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20 juin 2013 4 20 /06 /juin /2013 13:37

Using ULA ( Unique Local Addresses ) and GUA ( Global Unicast Addresses ) on the same network.




We're going to see how to use both ULA and GUA on the same network, the limitations or problems that might occur, as well as the way to solve them.


we'll use ULA subnets based on the fd07:44de:a327::/48 prefix :





and GUA subnets based on the 2001:0DB8:0::/48 prefix :





keeping the subnet ID in line ( fd07:44de:a327:0::/64 and 2001:0DB8:0::0/64 on the same physical subnet, etc ... ).

thus, [G] represents a /48 prefix throughout this post.


Using ULA and GUA on a single subnet






Using our neat little Dlink DIR 626-L router ( Router 1 ), let's add ULA capability to a GUA network.
We keep GUA networking in the router's main networking page ( Internet connectivity setup ), and as we do static networking, we disable LAN address autoconfiguration on this page.


and use for the first time the ' local connectivity setup ' to add an ULA capability :




. We check ' enable ULA '
. We don't use default ULA, so we can use our own choosen subnet ID
( the default subnet ID seems to be one-time uniquely generated, but it is fixed. there is no documentation as to how it is generated. MAC derived ? )



Client setup

We're going to configure PC1 to use both an ULA and a GUA.
First, as we're doing static networking here, we disable the ability for PC1 to autoconfigure itself ( ie we disable router discovery ) :
netsh int ipv6 set int [Idx] router=dis

We statically configure a GUA address ( in network connections )

We too need to add an ULA address, using the command line :
netsh int ipv6 add address [Idx] [IP address]
ex : netsh int ipv6 add address 12 fd07:44de:a327:2::140

we can now check the interface addresses :
netsh int ipv6 show address [Idx]

we can too check our local connectivity :
ping fd07:44de:a327:2::1

and our global connectivity :
ping -6 www.wikipedia.org



Tools for troubleshooting ULA/GUA combinaison

As we now have 2 potential source address, it is good to be able to check which address is used as a source. Here are some tips :

tracert [IP address]                                                                 shows you the nodes used, thus the address type ( ULA or GUA )
tracert -S [source IP] [dest IP]                                               forces the use of the source IP
ping -S [source IP] [dest IP]                                                  ( idem )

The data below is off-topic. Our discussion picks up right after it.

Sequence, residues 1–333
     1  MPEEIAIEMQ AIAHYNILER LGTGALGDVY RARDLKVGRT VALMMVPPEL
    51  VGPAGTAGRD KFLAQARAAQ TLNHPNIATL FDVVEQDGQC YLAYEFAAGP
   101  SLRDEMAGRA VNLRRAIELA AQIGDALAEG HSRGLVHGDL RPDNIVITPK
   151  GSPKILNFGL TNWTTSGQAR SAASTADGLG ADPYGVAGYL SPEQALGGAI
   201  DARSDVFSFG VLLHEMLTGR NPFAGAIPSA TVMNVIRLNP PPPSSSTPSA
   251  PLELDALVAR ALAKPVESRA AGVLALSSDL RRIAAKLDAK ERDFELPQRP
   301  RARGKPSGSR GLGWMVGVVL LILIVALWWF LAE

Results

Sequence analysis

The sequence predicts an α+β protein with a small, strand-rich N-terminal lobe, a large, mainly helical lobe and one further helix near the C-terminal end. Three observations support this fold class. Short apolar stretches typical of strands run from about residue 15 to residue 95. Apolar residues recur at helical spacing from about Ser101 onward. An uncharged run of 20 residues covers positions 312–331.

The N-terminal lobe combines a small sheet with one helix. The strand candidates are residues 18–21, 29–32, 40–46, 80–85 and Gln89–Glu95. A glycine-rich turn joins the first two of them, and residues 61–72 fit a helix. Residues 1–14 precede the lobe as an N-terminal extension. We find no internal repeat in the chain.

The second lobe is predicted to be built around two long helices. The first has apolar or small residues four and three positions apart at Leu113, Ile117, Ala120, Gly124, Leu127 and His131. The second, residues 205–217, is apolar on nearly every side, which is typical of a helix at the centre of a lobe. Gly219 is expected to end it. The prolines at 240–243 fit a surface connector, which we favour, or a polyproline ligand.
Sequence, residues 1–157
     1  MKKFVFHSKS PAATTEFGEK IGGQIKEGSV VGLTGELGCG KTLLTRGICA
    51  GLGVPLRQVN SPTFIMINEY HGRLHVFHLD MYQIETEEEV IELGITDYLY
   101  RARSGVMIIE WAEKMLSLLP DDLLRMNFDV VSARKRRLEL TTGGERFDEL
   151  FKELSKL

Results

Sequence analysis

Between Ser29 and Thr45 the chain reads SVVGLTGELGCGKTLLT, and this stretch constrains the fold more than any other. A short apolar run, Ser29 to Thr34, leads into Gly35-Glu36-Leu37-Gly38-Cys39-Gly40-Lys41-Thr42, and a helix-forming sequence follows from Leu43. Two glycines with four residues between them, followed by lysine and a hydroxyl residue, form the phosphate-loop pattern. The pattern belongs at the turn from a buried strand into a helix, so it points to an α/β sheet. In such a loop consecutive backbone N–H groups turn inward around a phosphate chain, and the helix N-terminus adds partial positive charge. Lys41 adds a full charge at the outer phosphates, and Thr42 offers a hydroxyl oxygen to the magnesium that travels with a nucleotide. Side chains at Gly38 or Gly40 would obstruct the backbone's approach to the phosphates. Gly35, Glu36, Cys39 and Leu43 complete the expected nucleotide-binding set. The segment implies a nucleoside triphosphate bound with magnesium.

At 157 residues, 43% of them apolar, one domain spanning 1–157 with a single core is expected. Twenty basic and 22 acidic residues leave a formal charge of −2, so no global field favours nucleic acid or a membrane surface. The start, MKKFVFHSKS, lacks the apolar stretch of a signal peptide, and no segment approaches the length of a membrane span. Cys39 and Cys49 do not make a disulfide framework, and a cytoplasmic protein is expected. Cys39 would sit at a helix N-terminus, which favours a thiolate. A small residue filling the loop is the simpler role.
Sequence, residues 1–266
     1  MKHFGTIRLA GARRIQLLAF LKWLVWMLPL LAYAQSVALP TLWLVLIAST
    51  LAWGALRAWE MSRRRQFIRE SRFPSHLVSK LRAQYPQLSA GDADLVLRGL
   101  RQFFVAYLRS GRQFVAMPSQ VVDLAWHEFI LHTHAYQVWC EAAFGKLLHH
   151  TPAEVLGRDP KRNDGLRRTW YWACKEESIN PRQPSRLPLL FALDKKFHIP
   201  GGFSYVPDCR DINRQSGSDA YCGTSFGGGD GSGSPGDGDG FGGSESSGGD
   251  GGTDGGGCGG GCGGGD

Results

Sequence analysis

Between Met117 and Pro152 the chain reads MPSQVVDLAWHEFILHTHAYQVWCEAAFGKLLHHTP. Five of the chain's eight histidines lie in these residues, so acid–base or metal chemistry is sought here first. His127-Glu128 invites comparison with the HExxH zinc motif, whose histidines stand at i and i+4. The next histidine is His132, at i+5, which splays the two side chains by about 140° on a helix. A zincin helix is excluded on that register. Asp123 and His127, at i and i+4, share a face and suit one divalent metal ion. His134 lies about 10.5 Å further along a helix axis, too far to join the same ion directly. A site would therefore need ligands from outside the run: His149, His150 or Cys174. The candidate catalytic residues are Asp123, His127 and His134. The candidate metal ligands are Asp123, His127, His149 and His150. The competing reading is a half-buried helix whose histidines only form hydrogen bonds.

Please note that ULA address, as a source address, gets discarded by Internet router, so there won't be any answer to an ULA source packet.
thus this packet :
tracert -S fd07:44de:a327:3::140 www.wikipedia.org

won't get any answer.
This is one of the big shift when going IPv6 : ULA addresses are private. Period. No NAT will turn them into public IPs.
On the other hand, GUA addresses are public. So all our network hosts using GUA are public. Period. So take good care of your firewalls ...

There is no tipid waters, like IPv4 private address geting internet access through NAT, and IPv4 Public IP being forwarded to the private Lan.

A good deal of the problems when doing both ULA//GUA over a subnet is the source address selection, which is well documented ( RFC 6724). So checking and troubleshooting the source address selection is the first essential step.
The second essential step is using ' netsh int ipv6 show prefixpolicies ' to see the prefix policies table. ( More informations about these in the next post )




Adding ULA and GUA over several subnets




The ULA fonctionnality works very well over a single subnet. Unfortunately, the DLink 626-L network engine can't handle routing both ULA and GUA through the WAN port.
Using a Windows OS as a Router, we can have ULA and GUA both routed easily. There's no extra step needed compared to simple ULA or GUA routing.


We just need to have two IPv6 static routes pointing to the subnet #2 in Router 2, one for ULA and one for GUA :







The benefits of using both ULA and GUA in a network

The first benefit is network numbering autonomy. In case of ISP change, or of ISP-attributed network ID change, we can avoid network renumbering, which is a huge task. We just have to setup the routers GUA addresses, and can leave most of our servers infrastructure and setups unchanged ( DNS, AD, ... ).
The second benefit is network isolation. As ULA can't reach the Internet, and can't be reached, we can isolate some key components from the outside world ( AD Server, internal Data Server, .. ), leaving them with ULA-only connectivity.

The benefits of using a GUA-only network :
When using only GUA on our network, we have a somewhat easier to manage and troubleshoot network.

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